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Histamine intolerance: what is it exactly?

In the case of histamine intolerance, the body cannot properly break down the messenger substance histamine. We explain what symptoms arise and what helps.
Histamine intolerance: Histamine-containing foods

What is histamine intolerance?

In the case of histamine intolerance (histamines), various symptoms such as abdominal pain or skin rashes arise because the body cannot adequately break down the messenger substance histamine and this leads to excess. Histamine intolerance can be chronic or temporary and can be treated with medication and by avoiding foods with a high histamine content. 

Histamine allergy and histamine intolerance

It is often synonymous with histamine intolerance or histamine allergy, but this is not entirely correct - because this implies that an enzyme effect is responsible for the symptoms. So far, however, this assumption has not been proven. In addition, the clinical picture itself is quite controversial - according to experts, many general complaints, for which no cause can be found, are attributed to histamine intolerance. According to estimates, the phenomenon affects a maximum of one percent of all Germans, especially middle-aged women.

What does histamine do in the body?

The messenger substance histamine is formed in the body by the so-called mast cells themselves and is involved in various body functions, such as the immune system. It mainly plays a role in allergic reactions such as itching and pain. This is exactly why so-called antihistamines are usually prescribed for allergies - they inhibit the messenger substance and reduce symptoms .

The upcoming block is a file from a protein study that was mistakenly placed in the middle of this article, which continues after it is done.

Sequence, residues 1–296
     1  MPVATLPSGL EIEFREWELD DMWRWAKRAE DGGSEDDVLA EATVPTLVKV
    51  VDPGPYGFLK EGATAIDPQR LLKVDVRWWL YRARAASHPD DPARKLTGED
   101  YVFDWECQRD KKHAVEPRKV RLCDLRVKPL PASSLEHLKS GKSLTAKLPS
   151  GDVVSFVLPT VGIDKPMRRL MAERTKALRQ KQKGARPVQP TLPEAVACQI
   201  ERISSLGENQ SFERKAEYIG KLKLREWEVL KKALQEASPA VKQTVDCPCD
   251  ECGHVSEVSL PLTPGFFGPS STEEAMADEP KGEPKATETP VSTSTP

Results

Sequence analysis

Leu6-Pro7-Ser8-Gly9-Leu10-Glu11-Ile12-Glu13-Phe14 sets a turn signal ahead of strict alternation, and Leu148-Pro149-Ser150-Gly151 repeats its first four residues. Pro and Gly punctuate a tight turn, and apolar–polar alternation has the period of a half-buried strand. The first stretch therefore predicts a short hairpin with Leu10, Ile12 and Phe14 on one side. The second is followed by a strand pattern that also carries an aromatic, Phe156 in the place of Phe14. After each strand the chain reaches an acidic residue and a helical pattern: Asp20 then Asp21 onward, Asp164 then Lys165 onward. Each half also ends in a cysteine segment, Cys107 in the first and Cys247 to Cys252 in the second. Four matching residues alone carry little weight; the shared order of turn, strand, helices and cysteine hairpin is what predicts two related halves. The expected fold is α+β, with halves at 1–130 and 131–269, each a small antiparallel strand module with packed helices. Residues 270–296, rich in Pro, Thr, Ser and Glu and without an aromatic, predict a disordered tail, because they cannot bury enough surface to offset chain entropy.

Histamine is also found in various foods. The already described histamine excess in the body arises from an enzyme deficiency: Normally, the enzyme DiAminOxidase (DAO) breaks down histamine. If the body cannot provide enough DAO, eating histamine-rich foods such as red wine or hard cheese can cause complaints.

Symptoms: This tells you whether you can tolerate histamine

The complaints of histamines are classic allergy symptoms that are also known from hay fever and the like. The following symptoms occur:
  • Redness on the face
  • Rashes
  • itching
  • dizziness
  • nausea
  • Vomit
  • Racing heart
  • a headache
  • fatigue
  • Nose blocked / runny nose
  • Hives (urticaria)
  • Drop-in blood pressure
  • stomach pain

Diet change: What should I do if I have an intolerance?

Since these complaints are very general, it is difficult to diagnose histamine intolerance as the cause. Experts, therefore, recommend patients to avoid histamine-containing foods for ten to 14 days and to keep a diary of nutrition and symptoms. We have put together some low-histamine recipes for you. After the time, you can slowly put the appropriate food back on the menu and see if there are still complaints. Since histamine intolerance can be temporary, probably nobody has to do without red wine and Co. forever. For acute complaints such as rashes, for example, ointments containing cortisone help.

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